Democrats in a Presidential debate spar over Foreign policy and ClimateBy James Neequaye Kotey
Candidates across the stage faulted Trump’s approach to foreign policy, which is turning away from traditional allies and acting as an unreliable partner. Biden said that he would go back and make sure the U.S had the alliances it had before Trump became president.
Senator Kamala criticized Trump’s meetings with Northern Korean leader Kim Jong Un, saying the U.S leader “got punked” and “traded a photo op for nothing.”
South Bend, Indiana, Mayor Pete Buttigieg blasted Congresswoman Tulsi criticized Trump for having met with the “murderous” dictator Bashar-al-Assad during a trip to Wartorn Syria, in 2017. Gabbard replied that Buttigieg “lacks the courage” to sit down with U.S enemies and seek common ground.
When asked what he would say in a first phone call with Russian President, Andrew Yang said, “I will tell Putin that the days of meddling in U.S politics are over, and that administration will see any efforts at undermining as “an act of aggression.”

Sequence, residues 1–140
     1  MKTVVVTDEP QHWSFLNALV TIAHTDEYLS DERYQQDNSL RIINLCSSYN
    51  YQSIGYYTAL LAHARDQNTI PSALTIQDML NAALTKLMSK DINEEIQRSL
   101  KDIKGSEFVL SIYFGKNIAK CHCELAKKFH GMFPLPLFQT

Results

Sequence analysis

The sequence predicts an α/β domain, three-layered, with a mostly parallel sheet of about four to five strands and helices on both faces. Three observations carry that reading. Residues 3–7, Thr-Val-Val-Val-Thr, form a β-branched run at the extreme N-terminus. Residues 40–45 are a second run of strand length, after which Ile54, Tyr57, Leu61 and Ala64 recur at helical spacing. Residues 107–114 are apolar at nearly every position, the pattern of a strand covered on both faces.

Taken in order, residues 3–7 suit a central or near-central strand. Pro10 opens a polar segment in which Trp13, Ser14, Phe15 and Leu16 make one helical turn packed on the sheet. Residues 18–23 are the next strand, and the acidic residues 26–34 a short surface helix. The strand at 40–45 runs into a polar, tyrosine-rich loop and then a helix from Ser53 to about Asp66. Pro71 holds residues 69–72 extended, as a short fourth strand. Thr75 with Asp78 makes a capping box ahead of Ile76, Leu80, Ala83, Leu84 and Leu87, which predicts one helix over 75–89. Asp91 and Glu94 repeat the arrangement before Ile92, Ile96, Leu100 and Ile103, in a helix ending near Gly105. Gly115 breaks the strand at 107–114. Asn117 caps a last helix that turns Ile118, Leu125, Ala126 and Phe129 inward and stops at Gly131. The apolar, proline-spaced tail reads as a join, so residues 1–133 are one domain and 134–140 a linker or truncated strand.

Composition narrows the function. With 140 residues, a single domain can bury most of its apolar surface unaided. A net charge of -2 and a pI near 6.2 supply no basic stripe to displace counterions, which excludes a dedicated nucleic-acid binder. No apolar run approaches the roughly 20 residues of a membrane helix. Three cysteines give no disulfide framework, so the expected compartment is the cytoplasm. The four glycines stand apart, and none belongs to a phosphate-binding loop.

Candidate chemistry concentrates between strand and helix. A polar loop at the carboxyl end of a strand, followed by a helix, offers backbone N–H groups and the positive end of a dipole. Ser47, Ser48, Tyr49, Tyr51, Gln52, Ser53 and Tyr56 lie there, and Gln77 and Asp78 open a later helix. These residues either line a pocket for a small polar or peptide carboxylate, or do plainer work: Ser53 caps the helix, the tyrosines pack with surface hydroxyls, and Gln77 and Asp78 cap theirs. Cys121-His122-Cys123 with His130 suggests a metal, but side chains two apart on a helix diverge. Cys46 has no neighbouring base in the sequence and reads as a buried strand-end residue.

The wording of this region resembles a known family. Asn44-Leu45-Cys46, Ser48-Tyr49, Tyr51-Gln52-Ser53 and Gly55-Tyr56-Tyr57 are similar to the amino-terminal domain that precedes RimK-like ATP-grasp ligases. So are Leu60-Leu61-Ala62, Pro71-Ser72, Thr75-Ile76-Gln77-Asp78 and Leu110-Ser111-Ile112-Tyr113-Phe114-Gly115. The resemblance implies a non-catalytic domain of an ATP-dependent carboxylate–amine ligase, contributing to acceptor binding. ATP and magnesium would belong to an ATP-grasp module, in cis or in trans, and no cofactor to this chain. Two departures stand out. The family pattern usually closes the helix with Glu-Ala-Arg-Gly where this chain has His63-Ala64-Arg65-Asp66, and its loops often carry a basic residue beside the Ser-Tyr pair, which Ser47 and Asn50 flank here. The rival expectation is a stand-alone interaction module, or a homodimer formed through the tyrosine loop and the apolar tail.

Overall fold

There was also wide support for making addressing climate change a priority in U.S policy.
Including the Paris climate treaty, Bieden called climate change “the number 1 existential threat to the world.”
Buttigieg and his fellow Gabbard found common ground in voicing support for reforming the U.S. agriculture industry as a critical piece in combating climate change.
Gabbard said, “hyper-partisanship in Washington has created gridlock that stands in the way of making progress on climate action and pledged to end subsidies for fossil fuel companies while instead investing a green economy.”
BillionaireTorn Steyer promoted himself as the candidate most focused on climate change. He said, “I will use the power of the presidency to declare a state of emergency on day one in office.”